Winston Churchill, half-American British nobleman and Renaissance man, wants to be Prime Minister. He also envisions big things for his son.

And we're off! At first the families have somewhat friendly relations. In the '30s, mutual friends bring Joe and Winston together, and Joe uses his business ties to help Winston invest and rake in money. Things get sour when Joe becomes the ambassador to England in 1937. Joe thinks it would be stupid for America to fight Hitler, while Winston, the leader of the opposition party, is shouting every day about the threat posed by the Nazis. When war finally breaks out, Winston winds up as Prime Minister -- and Joe falls from grace as a defeatist jerk.

On the Kennedy side, this shifts the spotlight to Joe's kids, who figure out the very delicate task of taking advantage their father's money and connections while distancing themselves from his politics. JFK in particular had a deep admiration of Winston, modeling a lot of his rhetoric and thinking on the example of the British leader.

On the Churchill side, Winston never leaves the spotlight; even after losing the PM spot after the war, he regains it in the 50s. Randolph aspired to be everything his father was: a brilliant speaker, a member of parliament, an accomplished author. But he never really lived up to the expectations everyone had of Winston's son. He essentially drank himself to death in his 50s and had a very complex love-hate relationship with his dad.

Maier spins a LOT of plates in this book, as he lays out the motivations and missteps of all the players. The two families did mingle alot; not only because of Winston's prominence in global affairs, but because Randolph became a close friend of the Kennedy sons (despite hating their father). Also in the mix: Joe Kennedy's daughters, Winston Churchill's daughters, the close friends and associates of each clan, FDR and his oldest son (who was partner to shady business deals with Joe Kennedy), and Aristotle Onassis (who was friend to both families).

For all the complexity, it's highly readable, broken down into digestible themed segments. If there's a big question hanging over the narrative, it's why the father-son dynamics were so different in each family. Joe Kennedy is sort of the bad guy in this story, but he figured out how to elevate his sons when his political career crumbled. Winston Churchill was a world-beater who wanted the best for his kids, but somehow fell short as a father.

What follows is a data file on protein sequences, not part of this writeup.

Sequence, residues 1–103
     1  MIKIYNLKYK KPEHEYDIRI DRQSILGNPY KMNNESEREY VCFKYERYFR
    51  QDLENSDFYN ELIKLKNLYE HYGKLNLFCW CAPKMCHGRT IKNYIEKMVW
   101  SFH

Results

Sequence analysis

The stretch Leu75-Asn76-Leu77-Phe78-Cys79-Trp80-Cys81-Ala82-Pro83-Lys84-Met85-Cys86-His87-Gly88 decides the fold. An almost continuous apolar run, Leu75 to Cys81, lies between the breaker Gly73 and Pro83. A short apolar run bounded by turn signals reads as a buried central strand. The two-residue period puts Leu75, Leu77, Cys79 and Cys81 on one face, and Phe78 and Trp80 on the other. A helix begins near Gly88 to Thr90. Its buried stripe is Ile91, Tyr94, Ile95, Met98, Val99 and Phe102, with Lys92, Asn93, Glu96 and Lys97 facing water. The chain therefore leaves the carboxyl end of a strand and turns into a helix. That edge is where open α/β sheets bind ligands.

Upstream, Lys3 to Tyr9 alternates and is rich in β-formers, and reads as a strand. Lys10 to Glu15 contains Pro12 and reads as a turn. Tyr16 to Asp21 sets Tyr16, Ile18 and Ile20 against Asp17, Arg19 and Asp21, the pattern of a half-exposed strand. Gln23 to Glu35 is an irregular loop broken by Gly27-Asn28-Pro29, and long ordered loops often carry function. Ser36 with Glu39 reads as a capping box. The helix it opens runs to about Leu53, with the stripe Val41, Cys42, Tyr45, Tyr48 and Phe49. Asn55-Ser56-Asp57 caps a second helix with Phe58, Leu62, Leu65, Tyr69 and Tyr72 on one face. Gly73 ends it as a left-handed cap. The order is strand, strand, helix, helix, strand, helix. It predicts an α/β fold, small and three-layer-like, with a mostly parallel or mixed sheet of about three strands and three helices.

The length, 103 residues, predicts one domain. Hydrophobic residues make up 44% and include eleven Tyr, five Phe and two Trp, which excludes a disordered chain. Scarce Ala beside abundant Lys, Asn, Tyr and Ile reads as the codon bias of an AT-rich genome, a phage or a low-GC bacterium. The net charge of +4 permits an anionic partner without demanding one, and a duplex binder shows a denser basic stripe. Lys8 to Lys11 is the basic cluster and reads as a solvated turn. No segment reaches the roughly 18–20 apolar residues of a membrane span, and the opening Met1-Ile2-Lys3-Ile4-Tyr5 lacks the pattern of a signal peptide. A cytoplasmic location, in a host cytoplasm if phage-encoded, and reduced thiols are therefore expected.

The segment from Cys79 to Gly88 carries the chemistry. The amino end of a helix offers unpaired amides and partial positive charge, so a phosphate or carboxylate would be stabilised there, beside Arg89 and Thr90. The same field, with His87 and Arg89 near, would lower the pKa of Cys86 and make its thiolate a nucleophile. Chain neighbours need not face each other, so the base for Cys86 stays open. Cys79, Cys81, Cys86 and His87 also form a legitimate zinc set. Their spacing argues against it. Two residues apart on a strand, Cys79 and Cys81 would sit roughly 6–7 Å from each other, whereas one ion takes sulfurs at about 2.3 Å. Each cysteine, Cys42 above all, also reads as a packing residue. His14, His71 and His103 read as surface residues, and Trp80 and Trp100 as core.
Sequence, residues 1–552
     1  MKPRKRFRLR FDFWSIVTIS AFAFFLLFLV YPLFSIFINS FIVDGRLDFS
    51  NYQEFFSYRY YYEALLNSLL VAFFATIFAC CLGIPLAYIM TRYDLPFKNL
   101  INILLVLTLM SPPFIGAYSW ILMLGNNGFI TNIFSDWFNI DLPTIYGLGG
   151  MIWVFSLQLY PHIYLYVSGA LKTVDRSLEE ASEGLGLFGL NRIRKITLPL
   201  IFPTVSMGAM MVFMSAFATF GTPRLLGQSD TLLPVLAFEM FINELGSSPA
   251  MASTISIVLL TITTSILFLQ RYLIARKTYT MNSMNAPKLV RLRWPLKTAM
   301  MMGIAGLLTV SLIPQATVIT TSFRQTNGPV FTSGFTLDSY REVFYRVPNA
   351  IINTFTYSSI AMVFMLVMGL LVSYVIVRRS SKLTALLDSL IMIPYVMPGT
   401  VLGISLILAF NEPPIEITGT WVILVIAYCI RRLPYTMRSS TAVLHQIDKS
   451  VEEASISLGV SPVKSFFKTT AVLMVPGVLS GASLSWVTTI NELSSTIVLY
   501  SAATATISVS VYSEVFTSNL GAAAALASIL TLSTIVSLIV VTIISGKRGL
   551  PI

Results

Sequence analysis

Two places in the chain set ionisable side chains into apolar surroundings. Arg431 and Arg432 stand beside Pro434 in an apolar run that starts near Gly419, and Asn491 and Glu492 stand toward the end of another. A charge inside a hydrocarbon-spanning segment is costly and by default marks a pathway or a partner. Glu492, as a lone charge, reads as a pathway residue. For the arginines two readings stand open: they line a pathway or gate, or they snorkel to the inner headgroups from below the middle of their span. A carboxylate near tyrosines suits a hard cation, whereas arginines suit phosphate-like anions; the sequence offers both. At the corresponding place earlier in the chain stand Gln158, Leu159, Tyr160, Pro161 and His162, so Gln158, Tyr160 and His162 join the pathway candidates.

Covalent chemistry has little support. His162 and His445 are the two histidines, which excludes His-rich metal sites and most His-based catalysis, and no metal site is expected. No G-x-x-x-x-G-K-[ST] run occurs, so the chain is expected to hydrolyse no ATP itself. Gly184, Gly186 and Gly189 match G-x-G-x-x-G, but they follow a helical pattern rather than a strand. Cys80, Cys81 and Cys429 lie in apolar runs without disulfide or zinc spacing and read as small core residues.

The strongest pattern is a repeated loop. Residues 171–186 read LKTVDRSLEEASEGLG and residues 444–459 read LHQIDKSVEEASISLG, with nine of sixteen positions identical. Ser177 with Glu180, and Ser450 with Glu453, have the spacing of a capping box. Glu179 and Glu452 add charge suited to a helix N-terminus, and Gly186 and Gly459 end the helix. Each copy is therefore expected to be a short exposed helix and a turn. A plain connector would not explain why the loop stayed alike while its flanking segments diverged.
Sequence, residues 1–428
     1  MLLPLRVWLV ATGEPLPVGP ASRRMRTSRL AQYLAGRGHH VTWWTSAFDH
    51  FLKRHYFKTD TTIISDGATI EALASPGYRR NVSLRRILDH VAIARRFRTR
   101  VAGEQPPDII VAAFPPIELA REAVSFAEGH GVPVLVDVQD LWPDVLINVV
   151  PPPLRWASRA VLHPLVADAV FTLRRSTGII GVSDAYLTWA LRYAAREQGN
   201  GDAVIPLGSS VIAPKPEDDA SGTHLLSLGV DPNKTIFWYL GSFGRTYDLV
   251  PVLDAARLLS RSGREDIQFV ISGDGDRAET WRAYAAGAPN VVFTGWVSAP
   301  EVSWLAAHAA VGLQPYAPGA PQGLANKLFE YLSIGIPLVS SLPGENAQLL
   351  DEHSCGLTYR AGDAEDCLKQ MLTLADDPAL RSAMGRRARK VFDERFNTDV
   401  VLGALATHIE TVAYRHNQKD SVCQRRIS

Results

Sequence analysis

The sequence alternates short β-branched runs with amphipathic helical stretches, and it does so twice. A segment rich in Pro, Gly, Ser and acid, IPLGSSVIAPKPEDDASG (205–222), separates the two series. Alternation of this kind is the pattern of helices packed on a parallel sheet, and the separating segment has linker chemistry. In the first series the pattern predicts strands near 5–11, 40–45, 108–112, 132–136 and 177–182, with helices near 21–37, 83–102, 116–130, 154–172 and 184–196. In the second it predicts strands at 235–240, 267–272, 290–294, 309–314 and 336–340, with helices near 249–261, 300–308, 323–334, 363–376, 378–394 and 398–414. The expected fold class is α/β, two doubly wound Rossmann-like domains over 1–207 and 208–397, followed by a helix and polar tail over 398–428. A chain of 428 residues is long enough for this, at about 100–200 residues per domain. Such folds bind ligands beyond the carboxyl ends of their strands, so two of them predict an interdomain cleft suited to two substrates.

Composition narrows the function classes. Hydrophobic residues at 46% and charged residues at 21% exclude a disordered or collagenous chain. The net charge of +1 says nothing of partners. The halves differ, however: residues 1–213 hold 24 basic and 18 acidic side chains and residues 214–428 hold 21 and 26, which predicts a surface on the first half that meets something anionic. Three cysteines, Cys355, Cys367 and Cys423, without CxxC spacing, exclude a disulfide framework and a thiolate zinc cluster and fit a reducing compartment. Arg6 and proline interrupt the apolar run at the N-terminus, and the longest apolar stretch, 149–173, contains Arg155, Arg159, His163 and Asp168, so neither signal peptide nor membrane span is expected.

It's interesting stuff, no matter who you're rooting for. Other takeaways:

* In this book, marriages are a farce. Almost everyone is cheating on a spouse or having an affair with a married person. The only exceptions are Winston Churchill and RFK. There are several accounts of high-ranking U.S. officials cheating on their wives with the spouses of prominent Brits. Pamela Churchill, Randolph's wife, slept with FDR aide Averell Harriman; Randolph resented this even though he was cheating on Pamela mercilessly.

* For all the mess about anti-Catholic bias, Joe Kennedy and JFK were, ironically, not good Catholics.

* I don't understand how Winston Churchill had the time to run a government, paint, write very long books, and engage in social functions. People like Churchill and Theodore Roosevelt seemingly had 10 extra hours in each day.

* I'm not a huge fan of the Kennedys, but they had awful luck. This book features the JFK and RFK assassinations, Kathleen Kennedy dying in a plane crash (with her British lover), and Joe being reduced to vegetable status by a massive stroke. If he enjoyed his sons' triumphs he never got to express it.